Francis Bacon (28 October 1909 – 28 April 1992) was an Irish figurative painter. He was a collateral descendant of the Elizabethan philosopher Francis Bacon. His artwork is known for its bold, austere, and often grotesque or nightmarish imagery.

Bacon

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Gilbert and George

Gilbert and George: Gilbert Prousch (or Proesch) (born in San Martin (San Martino), Italy, 11 September 1943) and George Passmore (born in Devon, England 8 January 1942), better known as Gilbert & George, are artists. They have worked almost exclusively as a pair.

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Francis Picabia


Francis-Marie Martinez Picabia (28 January 1879 - 30 November 1953) was a painter and poet. A large amount of his work involves the mechanical representation of people.

Picabia

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Franz Marc


Franz Marc (8 February 1880 – 4 March 1916) was one of the principal painters and printmakers of the German Expressionist movement.

Most of Marc's mature work portrays animals, usually in natural settings. His work is characterized by bright primary color, an almost cubist portrayal of animals, stark simplicity and a profound sense of emotion, which garnered notice in influential circles even in his own time.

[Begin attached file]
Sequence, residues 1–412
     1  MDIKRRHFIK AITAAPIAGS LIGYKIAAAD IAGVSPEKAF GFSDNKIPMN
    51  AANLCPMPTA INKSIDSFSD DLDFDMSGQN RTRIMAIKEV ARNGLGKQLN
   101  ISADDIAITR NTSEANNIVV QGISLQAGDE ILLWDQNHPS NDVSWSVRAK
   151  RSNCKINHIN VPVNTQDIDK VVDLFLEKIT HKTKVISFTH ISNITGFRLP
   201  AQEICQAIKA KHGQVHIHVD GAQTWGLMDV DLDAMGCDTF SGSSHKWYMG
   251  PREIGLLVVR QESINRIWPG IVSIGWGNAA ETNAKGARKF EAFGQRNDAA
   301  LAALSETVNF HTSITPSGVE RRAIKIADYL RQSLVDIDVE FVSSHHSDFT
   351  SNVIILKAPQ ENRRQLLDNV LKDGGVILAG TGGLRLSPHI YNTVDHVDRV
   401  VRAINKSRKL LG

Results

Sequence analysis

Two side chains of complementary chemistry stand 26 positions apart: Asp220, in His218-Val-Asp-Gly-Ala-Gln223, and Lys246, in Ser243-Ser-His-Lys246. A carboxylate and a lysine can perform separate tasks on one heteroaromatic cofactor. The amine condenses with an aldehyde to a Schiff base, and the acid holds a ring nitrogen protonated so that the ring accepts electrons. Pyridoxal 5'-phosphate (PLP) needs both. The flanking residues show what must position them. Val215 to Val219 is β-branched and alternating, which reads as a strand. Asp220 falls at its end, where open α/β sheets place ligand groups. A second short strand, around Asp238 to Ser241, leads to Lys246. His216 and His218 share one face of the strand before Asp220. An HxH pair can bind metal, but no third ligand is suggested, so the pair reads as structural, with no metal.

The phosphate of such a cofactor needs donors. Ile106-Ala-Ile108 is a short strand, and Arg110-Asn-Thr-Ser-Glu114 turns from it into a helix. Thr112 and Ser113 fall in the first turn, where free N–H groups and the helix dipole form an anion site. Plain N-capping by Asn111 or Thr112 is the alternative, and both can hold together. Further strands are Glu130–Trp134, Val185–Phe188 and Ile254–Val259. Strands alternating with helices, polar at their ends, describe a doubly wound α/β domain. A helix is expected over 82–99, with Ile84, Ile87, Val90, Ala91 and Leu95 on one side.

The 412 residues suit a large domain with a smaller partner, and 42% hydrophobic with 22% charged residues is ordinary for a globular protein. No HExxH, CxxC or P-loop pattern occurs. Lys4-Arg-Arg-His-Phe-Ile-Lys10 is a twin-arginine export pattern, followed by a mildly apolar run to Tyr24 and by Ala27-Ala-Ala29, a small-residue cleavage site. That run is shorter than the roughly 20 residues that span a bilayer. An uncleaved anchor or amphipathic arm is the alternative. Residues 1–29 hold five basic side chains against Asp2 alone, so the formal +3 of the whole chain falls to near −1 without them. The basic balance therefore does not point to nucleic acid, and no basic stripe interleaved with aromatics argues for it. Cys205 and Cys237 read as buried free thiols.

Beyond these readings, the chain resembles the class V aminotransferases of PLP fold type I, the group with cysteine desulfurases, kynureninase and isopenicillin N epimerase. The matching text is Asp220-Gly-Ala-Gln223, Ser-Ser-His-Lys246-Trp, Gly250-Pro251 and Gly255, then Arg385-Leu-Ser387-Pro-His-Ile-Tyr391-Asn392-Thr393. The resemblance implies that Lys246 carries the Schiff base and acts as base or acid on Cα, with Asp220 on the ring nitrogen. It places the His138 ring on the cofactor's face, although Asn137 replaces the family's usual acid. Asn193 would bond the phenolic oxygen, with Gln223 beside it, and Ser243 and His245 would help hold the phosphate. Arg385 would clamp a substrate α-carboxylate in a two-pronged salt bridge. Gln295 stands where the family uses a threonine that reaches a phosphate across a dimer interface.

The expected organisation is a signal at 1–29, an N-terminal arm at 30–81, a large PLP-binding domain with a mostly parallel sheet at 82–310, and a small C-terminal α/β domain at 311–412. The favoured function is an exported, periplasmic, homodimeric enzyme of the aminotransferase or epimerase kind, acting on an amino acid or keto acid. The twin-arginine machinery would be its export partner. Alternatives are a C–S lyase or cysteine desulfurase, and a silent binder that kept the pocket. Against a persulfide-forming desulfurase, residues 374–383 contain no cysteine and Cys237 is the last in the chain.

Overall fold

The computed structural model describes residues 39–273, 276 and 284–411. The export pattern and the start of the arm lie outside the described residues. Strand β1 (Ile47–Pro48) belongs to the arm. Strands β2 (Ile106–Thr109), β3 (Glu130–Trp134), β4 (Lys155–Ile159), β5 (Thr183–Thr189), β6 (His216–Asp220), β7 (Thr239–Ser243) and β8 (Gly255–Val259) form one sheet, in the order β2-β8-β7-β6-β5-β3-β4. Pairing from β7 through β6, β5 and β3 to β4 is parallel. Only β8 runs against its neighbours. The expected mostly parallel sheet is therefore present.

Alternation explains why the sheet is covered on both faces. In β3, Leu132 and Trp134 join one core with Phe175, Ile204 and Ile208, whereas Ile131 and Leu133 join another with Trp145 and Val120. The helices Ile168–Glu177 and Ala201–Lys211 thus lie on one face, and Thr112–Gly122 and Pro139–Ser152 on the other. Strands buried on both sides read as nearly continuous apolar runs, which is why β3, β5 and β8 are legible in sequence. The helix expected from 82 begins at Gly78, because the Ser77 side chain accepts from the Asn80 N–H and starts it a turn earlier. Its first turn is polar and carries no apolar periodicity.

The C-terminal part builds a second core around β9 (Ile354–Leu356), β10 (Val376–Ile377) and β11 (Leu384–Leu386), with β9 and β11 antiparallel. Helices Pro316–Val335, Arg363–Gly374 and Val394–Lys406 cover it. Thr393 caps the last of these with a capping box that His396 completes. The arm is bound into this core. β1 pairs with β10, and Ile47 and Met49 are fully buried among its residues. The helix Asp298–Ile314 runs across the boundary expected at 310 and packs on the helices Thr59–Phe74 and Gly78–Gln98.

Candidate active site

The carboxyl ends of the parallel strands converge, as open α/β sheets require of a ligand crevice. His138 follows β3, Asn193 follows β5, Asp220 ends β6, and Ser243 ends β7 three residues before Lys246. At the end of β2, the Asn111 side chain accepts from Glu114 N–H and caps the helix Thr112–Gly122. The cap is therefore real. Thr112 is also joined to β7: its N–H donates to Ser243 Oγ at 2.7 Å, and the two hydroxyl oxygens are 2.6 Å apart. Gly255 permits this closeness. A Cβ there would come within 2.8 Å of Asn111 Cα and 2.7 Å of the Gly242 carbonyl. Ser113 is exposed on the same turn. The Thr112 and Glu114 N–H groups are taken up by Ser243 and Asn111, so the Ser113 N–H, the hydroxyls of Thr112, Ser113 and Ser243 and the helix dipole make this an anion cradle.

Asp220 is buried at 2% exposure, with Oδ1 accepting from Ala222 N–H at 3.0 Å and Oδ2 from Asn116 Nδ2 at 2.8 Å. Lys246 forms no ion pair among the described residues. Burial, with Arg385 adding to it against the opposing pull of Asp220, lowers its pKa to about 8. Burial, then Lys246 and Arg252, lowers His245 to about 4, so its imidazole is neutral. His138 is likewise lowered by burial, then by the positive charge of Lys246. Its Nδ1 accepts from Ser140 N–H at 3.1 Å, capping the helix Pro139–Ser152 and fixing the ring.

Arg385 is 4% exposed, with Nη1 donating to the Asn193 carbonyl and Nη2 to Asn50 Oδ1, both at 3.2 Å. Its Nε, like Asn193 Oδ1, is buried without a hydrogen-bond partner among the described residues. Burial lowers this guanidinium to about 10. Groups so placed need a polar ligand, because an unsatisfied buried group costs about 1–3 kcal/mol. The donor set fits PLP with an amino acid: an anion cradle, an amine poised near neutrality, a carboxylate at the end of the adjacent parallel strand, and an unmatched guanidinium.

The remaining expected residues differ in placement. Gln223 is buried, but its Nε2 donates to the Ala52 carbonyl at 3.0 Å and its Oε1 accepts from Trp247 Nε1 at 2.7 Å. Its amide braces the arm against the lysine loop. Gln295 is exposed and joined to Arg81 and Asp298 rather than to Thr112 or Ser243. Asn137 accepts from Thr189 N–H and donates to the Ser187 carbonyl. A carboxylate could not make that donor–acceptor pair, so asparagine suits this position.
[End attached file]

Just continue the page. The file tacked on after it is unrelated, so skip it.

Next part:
Franz Marc's best known painting is probably Tierschicksale (also known as Animal Destinies or Fate of the Animals) completed in 1913, which hangs in the Basel Kunstmuseum in Basel.

Marc made some sixty prints, in woodcut and lithography.

In October 1998, several of Marc's paintings garnered record prices at Christie's art auction house in London, including Rote Rehe I (Red Deer I), which sold for £3.30m. This record was exceeded in October 1999, when Der Wasserfall (The Waterfall) was sold by Sotheby's in London to a private collector for £5.06m. This price set a record for both Franz Marc's work, and 20th century German painting.

Marc

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Tuesday, November 18, 2008

Mel Bochner


Mel Bochner (born 1940) is an American conceptual artist. Mr. Bochner received his BFA in 1962 and honorary Doctor of Fine Arts in 2005 from the School of Art at Carnegie Mellon University. He lives in New York City.

Starting in the 1960s, he evolved several of the exhibition strategies now taken for granted, including using the walls of the gallery as the subject of the work and using photo documentation of ephemeral and performance works. As Richard Kalina wrote in Art in America in 1996, Bochner was one of the earliest proponents, along with Joseph Kosuth and Bruce Nauman, of photo-documentation work in which the artist “created not so much a sculpture as a two-dimensional work about sculpture.”

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Fred Yates

Fred Yates (1922 to 2008) was an English painter who painted very much in the style of L S Lowry. Although, as Yates always and rightly maintained, his work was significantly different from that of Lowry the similarities are remarkable.

Yates spent much of his painting life in Cornwall and France.

Yates

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Ben Nicholson